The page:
For the first great orchestral concert of the season, the UMS is presenting the Berliner Philharmoniker on Tuesday, November 17, under new music director Simon Rattle. When the Germans were last here in 2001, they were led by Claudio Abbado. In his decade with the orchestra, the Italian conductor had sharpened its ensemble by bringing in younger players while scrupulously maintaining the tonal opulence of his own predecessor, Herbert von Karajan.
This time, the first unknown for local audiences is the repertoire: Brahms' Third and Fourth Symphonies plus Schoenberg's Accompanying Music to a Film Scene. While Brahms' tragic Fourth is often performed hereabouts, the heroic Third has, to my knowledge, been played here only once in the past thirty-three years. As for the Schoenberg piece, the number of Ann Arborites who can hum its big tune probably can be counted on one hand.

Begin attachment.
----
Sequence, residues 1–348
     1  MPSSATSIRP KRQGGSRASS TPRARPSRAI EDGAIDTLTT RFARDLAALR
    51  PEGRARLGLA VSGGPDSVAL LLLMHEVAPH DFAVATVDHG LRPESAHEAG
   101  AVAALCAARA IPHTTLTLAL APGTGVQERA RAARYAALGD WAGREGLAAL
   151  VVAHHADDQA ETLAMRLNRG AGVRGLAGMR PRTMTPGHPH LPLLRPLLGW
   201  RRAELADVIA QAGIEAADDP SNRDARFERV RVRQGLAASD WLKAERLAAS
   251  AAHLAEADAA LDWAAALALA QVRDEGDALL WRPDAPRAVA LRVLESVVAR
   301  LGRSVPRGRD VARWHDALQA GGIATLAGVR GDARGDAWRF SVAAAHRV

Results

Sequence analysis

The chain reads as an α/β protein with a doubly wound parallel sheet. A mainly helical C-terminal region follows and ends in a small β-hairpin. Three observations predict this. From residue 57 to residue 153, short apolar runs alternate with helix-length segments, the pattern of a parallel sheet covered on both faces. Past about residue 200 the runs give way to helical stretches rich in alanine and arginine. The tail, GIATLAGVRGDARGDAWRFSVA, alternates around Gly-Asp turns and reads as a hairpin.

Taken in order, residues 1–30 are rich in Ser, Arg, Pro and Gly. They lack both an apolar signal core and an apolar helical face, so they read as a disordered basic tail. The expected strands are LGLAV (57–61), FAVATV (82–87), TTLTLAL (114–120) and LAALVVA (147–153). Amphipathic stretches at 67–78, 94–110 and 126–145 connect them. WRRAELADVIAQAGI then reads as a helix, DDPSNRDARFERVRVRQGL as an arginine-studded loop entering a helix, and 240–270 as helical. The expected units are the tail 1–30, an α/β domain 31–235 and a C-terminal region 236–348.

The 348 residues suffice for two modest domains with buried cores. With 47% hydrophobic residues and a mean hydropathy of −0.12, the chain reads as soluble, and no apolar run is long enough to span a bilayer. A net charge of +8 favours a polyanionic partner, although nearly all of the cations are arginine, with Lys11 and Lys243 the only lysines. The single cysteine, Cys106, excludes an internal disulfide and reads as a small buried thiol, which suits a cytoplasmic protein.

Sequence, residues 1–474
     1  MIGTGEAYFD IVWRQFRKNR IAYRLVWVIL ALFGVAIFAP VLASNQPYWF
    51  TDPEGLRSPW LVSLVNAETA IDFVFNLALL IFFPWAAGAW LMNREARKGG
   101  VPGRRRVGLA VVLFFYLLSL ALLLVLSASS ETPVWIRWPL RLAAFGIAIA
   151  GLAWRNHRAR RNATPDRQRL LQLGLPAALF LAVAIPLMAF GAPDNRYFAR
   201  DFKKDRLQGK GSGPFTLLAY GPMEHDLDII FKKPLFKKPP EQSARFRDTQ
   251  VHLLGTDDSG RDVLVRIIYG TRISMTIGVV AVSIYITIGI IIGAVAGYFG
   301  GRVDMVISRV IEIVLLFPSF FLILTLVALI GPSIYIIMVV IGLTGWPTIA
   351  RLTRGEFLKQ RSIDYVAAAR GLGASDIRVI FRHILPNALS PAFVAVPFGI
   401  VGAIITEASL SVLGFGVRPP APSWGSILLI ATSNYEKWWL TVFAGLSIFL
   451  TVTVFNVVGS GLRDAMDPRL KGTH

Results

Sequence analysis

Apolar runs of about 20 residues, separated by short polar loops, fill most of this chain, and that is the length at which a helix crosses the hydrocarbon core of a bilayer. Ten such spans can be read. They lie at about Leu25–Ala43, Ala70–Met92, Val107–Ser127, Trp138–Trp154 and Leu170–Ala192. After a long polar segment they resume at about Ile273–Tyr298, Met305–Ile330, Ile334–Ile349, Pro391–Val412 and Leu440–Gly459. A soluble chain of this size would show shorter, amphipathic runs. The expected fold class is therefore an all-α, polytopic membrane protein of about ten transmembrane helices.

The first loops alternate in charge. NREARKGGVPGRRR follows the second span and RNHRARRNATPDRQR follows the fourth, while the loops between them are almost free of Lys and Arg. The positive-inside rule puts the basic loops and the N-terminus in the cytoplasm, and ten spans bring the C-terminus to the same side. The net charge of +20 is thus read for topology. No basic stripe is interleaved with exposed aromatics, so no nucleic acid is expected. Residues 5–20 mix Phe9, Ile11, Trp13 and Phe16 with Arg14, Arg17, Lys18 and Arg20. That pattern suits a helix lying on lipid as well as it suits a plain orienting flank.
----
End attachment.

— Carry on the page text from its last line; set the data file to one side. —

The second unknown is Rattle himself, who's making his Ann Arbor debut. EMI has just released the English conductor's recordings of Brahms' four symphonies with the German orchestra, but a day's listening has yet to leave a vivid impression. Sure, the playing is fabulous, but the conducting, while technically impeccable, seems somewhat cool. We'll see if Rattle heats up in performance.
[Originally published in November, 2009.]
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